Today's Lectionary Text
On the third day Esther put on her royal robes and stood in the inner court of the king’s palace, opposite the king’s hall. The king was sitting on his royal throne inside the palace opposite the entrance to the palace. As soon as the king saw Queen Esther standing in the court, she won his favor and he held out to her the golden scepter that was in his hand. Then Esther approached and touched the top of the scepter. The king said to her, “What is it, Queen Esther? What is your request? It shall be given you, even to the half of my kingdom.” Then Esther said, “If it pleases the king, let the king and Haman come today to a banquet that I have prepared for the king.” Then the king said, “Bring Haman quickly, so that we may do as Esther desires.” So the king and Haman came to the banquet that Esther had prepared. While they were drinking wine, the king said to Esther, “What is your petition? It shall be granted you. And what is your request? Even to the half of my kingdom, it shall be fulfilled.” Then Esther said, “This is my petition and request: If I have won the king’s favor, and if it pleases the king to grant my petition and fulfill my request, let the king and Haman come tomorrow to the banquet that I will prepare for them, and then I will do as the king has said.”
Haman went out that day happy and in good spirits. But when Haman saw Mordecai in the king’s gate, and observed that he neither rose nor trembled before him, he was infuriated with Mordecai; nevertheless Haman restrained himself and went home. Then he sent and called for his friends and his wife Zeresh, and Haman recounted to them the splendor of his riches, the number of his sons, all the promotions with which the king had honored him, and how he had advanced him above the officials and the ministers of the king. Haman added, “Even Queen Esther let no one but myself come with the king to the banquet that she prepared. Tomorrow also I am invited by her, together with the king. Yet all this does me no good so long as I see the Jew Mordecai sitting at the king’s gate.” Then his wife Zeresh and all his friends said to him, “Let a gallows fifty cubits high be made, and in the morning tell the king to have Mordecai hanged on it; then go with the king to the banquet in good spirits.” This advice pleased Haman, and he had the gallows made.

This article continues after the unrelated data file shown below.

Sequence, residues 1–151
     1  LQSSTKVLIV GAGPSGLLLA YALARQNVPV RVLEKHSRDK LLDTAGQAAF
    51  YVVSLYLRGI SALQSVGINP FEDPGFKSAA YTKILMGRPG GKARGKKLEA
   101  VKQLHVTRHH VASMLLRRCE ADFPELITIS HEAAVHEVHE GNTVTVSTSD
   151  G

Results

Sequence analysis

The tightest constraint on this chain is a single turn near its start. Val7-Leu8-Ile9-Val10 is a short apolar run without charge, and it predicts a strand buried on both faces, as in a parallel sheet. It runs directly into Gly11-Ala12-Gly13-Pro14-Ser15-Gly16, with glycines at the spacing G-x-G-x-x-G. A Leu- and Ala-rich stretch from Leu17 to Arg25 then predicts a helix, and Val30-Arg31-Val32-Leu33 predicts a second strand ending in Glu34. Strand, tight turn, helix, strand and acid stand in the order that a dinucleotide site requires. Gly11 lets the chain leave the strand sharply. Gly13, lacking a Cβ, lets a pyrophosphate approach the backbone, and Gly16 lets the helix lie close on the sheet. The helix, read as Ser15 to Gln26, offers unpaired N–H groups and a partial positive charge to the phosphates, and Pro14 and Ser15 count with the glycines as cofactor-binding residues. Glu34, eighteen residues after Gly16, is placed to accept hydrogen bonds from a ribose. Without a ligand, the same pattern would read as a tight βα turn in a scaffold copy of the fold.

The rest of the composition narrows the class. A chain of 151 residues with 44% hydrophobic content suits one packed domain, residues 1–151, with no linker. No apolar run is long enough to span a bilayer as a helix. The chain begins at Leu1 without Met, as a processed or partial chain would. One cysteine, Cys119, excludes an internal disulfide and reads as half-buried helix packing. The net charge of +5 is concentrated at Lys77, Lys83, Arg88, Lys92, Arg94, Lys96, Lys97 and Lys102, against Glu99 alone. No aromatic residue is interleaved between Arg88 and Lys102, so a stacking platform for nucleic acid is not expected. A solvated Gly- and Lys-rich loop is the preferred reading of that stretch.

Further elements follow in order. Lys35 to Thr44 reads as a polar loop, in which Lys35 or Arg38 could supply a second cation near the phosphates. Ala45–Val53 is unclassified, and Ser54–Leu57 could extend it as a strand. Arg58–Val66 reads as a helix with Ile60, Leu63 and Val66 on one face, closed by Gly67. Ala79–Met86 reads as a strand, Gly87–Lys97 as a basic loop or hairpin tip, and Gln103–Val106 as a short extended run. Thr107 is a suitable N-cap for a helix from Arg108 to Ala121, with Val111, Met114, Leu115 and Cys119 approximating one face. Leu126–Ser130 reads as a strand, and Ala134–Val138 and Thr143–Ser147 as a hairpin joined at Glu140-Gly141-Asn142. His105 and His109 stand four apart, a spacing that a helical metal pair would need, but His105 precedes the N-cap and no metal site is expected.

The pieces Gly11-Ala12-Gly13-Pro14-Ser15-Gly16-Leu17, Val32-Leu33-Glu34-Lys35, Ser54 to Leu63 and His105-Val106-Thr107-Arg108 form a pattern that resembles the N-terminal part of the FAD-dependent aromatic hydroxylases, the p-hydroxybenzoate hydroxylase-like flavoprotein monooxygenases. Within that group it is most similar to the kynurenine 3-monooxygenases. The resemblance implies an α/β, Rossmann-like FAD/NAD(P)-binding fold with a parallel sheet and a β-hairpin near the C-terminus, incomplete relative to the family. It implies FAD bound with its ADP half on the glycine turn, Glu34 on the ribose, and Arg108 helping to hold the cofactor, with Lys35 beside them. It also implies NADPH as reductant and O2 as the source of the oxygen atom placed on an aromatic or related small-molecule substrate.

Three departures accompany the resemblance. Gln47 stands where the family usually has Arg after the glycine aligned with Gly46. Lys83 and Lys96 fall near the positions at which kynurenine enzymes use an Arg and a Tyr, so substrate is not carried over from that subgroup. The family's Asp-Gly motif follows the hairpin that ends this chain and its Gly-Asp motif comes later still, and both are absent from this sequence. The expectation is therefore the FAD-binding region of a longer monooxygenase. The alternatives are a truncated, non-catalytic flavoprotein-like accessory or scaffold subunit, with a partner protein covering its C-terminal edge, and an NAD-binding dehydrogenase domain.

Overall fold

The story told in the book of Esther is about role reversals that happen because of low morality and high self-importance.
Haman becomes the right-hand man of the king. We’re given the impression that he was quite full of himself after he received his promotion “above all the officials who were with him” (3:1). Because Mordecai refused to bow down before him along with the royal servants, Haman despised him and plotted to destroy the Jews as a people so that he didn’t dirty his hands by laying his own hands on Mordecai. It is this mounting hatred that finally leads to his downfall as the story progresses.
In the reading for today, Haman brags to his friends and his wife about all that he has – his wealth, his sons, his position of power and influence, the dinner invitations (given only to him) to dine with the king and queen. And yet, he feels demeaned and infuriated because Mordecai ignores and disrespects him. Isn’t it interesting that a person with so much can be brought so low because of one person?
Haman was given the opportunity to be a leader and he let it go to his head. Humility was not in his repertoire of leadership skills. Of course, he was in an environment (royalty and the palace) where arrogance, pride, and self-importance were a daily diet so we can hardly blame him. Yet, it is good for us to stop and ponder where we ourselves might have fallen into the trap of pride and self-importance and so easily disregard others who don’t agree with us or think everyone should see how great we are.
Kenneth Carder and Laceye Warner in Grace to Lead say that leadership not grounded in Christian beliefs and practices can evolve into “elitism and arrogance rather than solidarity and humility, personal achievement instead of faith formed by grace, manipulation rather than service, and competitiveness that fractures rather than nurtures.” These words inspire me to stay connected to God and be better disciplined in spiritual practices. How about you?
Rev. Nancy Lambert
Director of Clergy Excellence
Prayer for Reflection
Loving God, help me to see where my ego gets in the way of ministry to others. Open my eyes to the hidden places within me where I harbor pride, jealousy, envy, and rejection of others so that I may become ever more loving. When I get full of myself, draw me back to you and teach me more about the love you have for each of us. Amen.
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